To know more about Olé Spanish Tapas Bar and Restaurant in Boracay, visit their website at


by SugarWithaSpice on September 18, 2013


Why Americans Are Eating Less Hotdogs

A Reblog  |  By Paul Lukas | BusinessWeek  |  Americans spent $1.7 billion on hot dogs last year—and that’s just at supermarkets; it doesn’t count wieners purchased at restaurants and sports facilities or from street vendors. And no day is better for hot dog consumption than the Fourth of July, when Americans are expected to eat about 150 million of them—enough to stretch from Washington, D.C., to Los Angeles more than five times.

While those numbers are impressive, overall hot dog sales are declining. According to figures from IRI, a Chicago-based market-research firm, sales dropped more than 3 percent in 2012 from 2011, following two consecutive years of smaller declines. Figures for this year are looking soft as well. The slump is surprising in light of the sluggish economy—hot dogs are usually considered the ideal recession foodstuff.

Ronald Plain, a professor of agricultural economics at the University of Missouri, offered a few possible explanations for the frankfurter’s failing fortunes. Hot dogs are particularly popular among children, for example, so America’s declining birth rate may be to blame. Changing immigration patterns and demographic profile may also play a role. Janet Riley, president of the National Hot Dog & Sausage Council, a trade group, sees other factors at work. “Higher raw-material costs are leading to higher retail price points,” she says. “Consumers are very sensitive to that.” Ryan Stalker, brand manager for Hebrew National, whose sales are off by 5 percent this year, agrees. “The biggest challenge facing our industry is the rising costs of goods, especially beef prices, over the past few years, which usually translates into softness in sales.”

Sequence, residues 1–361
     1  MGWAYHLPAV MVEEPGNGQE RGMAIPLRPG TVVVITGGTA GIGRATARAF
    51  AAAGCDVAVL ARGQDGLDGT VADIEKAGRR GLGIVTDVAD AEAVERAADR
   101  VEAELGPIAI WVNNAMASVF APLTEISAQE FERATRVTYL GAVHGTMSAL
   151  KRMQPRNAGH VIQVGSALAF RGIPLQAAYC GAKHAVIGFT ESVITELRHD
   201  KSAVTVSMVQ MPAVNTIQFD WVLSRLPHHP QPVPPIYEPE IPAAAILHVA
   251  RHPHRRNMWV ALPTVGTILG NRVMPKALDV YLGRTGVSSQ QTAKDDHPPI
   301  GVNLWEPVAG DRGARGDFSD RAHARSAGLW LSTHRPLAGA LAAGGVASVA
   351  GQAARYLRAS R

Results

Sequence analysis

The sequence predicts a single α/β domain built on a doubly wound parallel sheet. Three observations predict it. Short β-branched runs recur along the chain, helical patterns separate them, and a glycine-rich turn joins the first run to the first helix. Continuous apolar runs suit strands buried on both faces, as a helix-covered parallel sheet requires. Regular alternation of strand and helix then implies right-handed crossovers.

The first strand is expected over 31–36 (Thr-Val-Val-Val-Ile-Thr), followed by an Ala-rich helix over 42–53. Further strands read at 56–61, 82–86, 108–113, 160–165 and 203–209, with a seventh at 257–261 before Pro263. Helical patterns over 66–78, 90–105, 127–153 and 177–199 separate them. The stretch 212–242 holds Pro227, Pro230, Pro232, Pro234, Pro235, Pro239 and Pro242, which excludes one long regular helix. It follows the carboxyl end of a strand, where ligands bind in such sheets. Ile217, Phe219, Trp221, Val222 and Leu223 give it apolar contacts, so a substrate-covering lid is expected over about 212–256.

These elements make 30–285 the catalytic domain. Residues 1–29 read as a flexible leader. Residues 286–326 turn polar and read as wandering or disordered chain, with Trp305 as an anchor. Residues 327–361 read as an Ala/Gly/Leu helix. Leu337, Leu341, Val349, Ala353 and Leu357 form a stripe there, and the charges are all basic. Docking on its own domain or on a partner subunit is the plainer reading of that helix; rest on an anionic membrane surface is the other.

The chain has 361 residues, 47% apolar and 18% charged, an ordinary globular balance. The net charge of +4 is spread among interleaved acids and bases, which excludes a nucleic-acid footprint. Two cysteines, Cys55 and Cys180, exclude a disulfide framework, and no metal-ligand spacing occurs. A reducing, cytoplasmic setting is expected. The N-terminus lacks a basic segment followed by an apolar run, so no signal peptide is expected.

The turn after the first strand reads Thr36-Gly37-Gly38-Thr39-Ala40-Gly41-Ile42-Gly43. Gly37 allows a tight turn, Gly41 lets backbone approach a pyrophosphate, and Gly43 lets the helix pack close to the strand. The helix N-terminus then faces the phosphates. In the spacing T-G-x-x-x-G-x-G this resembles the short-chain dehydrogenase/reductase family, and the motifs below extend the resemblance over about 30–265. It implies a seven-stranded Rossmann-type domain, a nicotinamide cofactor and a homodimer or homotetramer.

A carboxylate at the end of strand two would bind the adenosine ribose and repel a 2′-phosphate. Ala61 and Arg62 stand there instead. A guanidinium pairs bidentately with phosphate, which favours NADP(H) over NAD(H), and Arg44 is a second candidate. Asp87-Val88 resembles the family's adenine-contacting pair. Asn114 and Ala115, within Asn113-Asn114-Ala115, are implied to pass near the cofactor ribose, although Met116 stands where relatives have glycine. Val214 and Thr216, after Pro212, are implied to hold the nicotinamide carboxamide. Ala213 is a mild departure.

None of this surprises Josh Ozersky, a food journalist and historian. He predicts the hot dog will become increasingly marginalized as the U.S. palate broadens. “I would be willing to bet that more Americans, and especially younger Americans, now eat nachos or tacos than hot dogs,” he says. But what about the many outlets that serve nachos on hot dogs? “That’s just proof of the desperate state of the hot dog!” he says. “That’s like a middle-aged actress who gets Botox and breast implants to try to stay relevant.”

One brand has bucked the downward trend: Nathan’s Famous (NATH), whose sales are up 17 percent from last year. “Naturally, I think it’s because we have the best hot dog,” says President Wayne Norbitz. “In tough times, if people are going to eat fewer hot dogs, they often choose a premium product. They choose to indulge.” Nathan’s also gets a promotional boost from its annual July 4 hot-dog-eating contest at Coney Island.

The hot dog still has one stronghold: baseball stadiums. Fans can buy everything from sushi to barbecued ribs, but hot dogs remain the top seller at almost every big league ballpark. (The exception: Miller Park in Milwaukee, where sausage is king.) There’s also a smattering of artisanal dog restaurants, such as Bark, in Brooklyn. The owner, Josh Sharkey, bastes his hot dogs with “Bark sauce,” a concoction of smoked lard whipped with butter.

Even Sharkey says it’s not easy being in his line of work. “It’s a pretty tough business model, because it’s based on a low price point,” he says. “So it’s a volume business—you have to sell a lot of hot dogs.”